A tan and sunburn are both visible signs of skin damage, but skin damage also happens long before the visible sign occurs. Because outdoor workers spend so much time outside, sun protection is recommended year-round. It’s not just sunburn which spikes your risk of skin cancer; every time you’re outside and exposed to UV rays, it all adds up.
7. You have to be in the sun to get skin damage
It’s possible to be under shade and still experience skin damage. UV rays are reflected and scattered by the environment (e.g. buildings, concrete, water, sand etc.), so even if you are under shade, UV can still reach you. Remember that UV is invisible and you can’t feel, so it will damage your skin without you knowing. You should still be protecting your skin even in the shade.
It’s entirely possible to also damage your skin from UV radiation which has passed through a window, either in the home or in the car. Glass reduces the transmission of UV but doesn’t completely block it. Window tinting could be considered to reduce the exposure. More commonly though, people are sunburnt in cars with the windows down, so opt to keep the windows up and switch on the air conditioning if it’s available. Read more about tinted windows here.
8. If you wear SPF 50, you can stay outside longer without getting sunburnt
The SPF number tells you the amount of UV that gets through the sunscreen. For example, SPF 30 allows one thirtieth of the ambient UV through the skin, which is equivalent to 3.3 per cent. SPF 50 allows one fiftieth of the UV through, which is equivalent to 2 per cent. The difference between SPF 30 and 50 is very small and going for a higher SPF sunscreen doesn’t mean you can spend longer in the sun. Sunscreen is also easily wiped away and needs to be reapplied every two hours to maintain its effectiveness. No sunscreen is a suit of armour as it can never block 100 per cent of UV radiation, which is why we say sunscreen on its own is never enough.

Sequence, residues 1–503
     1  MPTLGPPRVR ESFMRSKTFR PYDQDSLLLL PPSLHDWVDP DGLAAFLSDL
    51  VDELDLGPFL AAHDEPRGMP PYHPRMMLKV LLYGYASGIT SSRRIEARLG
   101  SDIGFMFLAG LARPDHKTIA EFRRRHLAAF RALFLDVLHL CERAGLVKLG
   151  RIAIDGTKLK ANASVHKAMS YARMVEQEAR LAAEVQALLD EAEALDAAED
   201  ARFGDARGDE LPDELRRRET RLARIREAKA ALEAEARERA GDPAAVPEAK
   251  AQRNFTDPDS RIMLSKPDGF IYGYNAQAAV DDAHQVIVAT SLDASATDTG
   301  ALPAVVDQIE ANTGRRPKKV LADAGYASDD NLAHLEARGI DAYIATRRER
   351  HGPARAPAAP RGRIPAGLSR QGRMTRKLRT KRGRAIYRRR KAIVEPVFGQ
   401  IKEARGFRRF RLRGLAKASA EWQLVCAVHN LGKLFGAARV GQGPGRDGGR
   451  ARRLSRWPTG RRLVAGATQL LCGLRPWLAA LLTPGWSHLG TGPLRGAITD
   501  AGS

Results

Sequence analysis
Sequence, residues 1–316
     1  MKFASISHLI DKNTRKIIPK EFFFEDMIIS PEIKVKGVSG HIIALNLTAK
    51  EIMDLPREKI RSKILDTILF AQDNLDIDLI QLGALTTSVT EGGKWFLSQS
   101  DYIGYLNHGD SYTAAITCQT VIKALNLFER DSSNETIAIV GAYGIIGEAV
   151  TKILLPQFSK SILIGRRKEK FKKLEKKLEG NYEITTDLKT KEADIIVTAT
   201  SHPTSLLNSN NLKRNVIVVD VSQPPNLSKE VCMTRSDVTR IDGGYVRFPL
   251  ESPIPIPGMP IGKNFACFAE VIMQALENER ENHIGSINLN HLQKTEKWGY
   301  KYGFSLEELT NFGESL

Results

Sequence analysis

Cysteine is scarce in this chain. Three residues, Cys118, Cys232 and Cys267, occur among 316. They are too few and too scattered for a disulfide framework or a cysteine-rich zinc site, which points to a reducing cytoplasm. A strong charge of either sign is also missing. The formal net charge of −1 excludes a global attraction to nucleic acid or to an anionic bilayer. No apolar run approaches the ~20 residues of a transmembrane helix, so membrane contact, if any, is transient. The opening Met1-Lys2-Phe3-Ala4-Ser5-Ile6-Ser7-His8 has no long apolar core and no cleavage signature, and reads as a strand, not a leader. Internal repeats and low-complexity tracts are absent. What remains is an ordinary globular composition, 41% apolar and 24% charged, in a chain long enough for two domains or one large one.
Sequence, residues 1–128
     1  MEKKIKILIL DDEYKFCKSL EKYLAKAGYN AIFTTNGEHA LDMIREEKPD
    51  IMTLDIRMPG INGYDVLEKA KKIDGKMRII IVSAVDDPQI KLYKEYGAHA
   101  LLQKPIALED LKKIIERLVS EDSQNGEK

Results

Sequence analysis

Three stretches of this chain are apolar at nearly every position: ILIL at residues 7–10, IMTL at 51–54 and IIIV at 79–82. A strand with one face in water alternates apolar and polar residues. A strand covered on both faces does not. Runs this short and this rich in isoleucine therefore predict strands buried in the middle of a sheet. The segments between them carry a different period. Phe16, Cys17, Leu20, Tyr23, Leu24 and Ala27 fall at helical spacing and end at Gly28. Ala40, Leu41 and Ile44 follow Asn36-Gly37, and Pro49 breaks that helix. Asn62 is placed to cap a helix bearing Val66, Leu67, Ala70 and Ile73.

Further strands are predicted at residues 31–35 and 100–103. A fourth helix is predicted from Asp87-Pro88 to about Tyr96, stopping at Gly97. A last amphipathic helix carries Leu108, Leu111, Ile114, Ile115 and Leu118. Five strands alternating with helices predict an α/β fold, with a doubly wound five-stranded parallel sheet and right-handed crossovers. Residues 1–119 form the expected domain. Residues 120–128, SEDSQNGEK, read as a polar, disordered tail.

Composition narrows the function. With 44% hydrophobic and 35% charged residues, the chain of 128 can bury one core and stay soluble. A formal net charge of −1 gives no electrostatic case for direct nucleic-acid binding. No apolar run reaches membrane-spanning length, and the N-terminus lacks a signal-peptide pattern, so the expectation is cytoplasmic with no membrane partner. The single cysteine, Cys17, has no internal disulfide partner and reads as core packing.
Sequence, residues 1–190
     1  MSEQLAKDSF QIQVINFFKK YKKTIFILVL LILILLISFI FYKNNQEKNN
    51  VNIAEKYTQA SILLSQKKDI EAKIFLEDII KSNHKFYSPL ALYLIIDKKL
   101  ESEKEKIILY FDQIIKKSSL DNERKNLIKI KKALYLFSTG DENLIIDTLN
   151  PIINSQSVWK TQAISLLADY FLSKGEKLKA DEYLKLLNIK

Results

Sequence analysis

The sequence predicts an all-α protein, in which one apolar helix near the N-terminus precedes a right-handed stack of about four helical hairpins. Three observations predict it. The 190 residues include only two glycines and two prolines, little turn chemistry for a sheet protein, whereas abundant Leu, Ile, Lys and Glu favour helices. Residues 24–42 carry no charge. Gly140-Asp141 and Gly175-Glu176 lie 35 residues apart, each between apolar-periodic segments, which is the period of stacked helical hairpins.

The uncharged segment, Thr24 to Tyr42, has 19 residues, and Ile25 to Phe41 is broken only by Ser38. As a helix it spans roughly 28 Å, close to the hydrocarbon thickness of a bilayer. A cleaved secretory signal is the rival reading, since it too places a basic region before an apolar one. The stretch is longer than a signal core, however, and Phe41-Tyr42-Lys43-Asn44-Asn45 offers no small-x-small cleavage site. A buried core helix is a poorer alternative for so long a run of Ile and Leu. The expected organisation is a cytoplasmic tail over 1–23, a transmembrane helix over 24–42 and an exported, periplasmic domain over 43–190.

A few other tips on making sure that you get the level of protection you think you’re putting on when you use sunscreen include making sure the sunscreen is within date, it is kept in a cool dry place (i.e. not the glove box of your car), it is applied liberally (equivalent to one teaspoon per exposed limb) and 20 minutes before going outdoors. You should also choose a product that is labelled broad-spectrum, which means it will provide protection from both UVA and UVB.
Check this video out.
9. It’s a waste of time trying to protect your skin now if you didn’t in your childhood
While lots of exposure to the sun’s UV rays in childhood and adolescence significantly increases your risk of skin cancer in later life, research has shown that sun exposure in adulthood is also an important risk. The exact exposure needed to develop skin cancer is not entirely clear and varies from person to person, but what we do know is that you can reduce your risk of skin cancer at any age, whether you are six, 16 or 60, by using recommended sun protection behaviours.
10. Using too much sunscreen is unsafe and can be harmful.
In Australia, all sunscreen products need to meet Australian standards. The Therapeutic Goods Administration (TGA) is the regulatory body that monitors and assesses sunscreen products to ensure efficacy and safety of the products on our shelves. Reviewing the evidence to date, there is confidence that all sunscreens that meet Australian standards do not pose any harm to human health, even when used regularly and in large amounts. When used adequately, sunscreen has been shown to reduce skin cancer risk.
Outdoor workers are exposed to as much as 10 times the UV of people who work indoors. If you suspect that someone you know may be at risk of developing skin cancer, you can call Cancer Council 13 11 20 for information and support, visit cancersa.org.au, or consult with your local GP.
Community Education Coordinator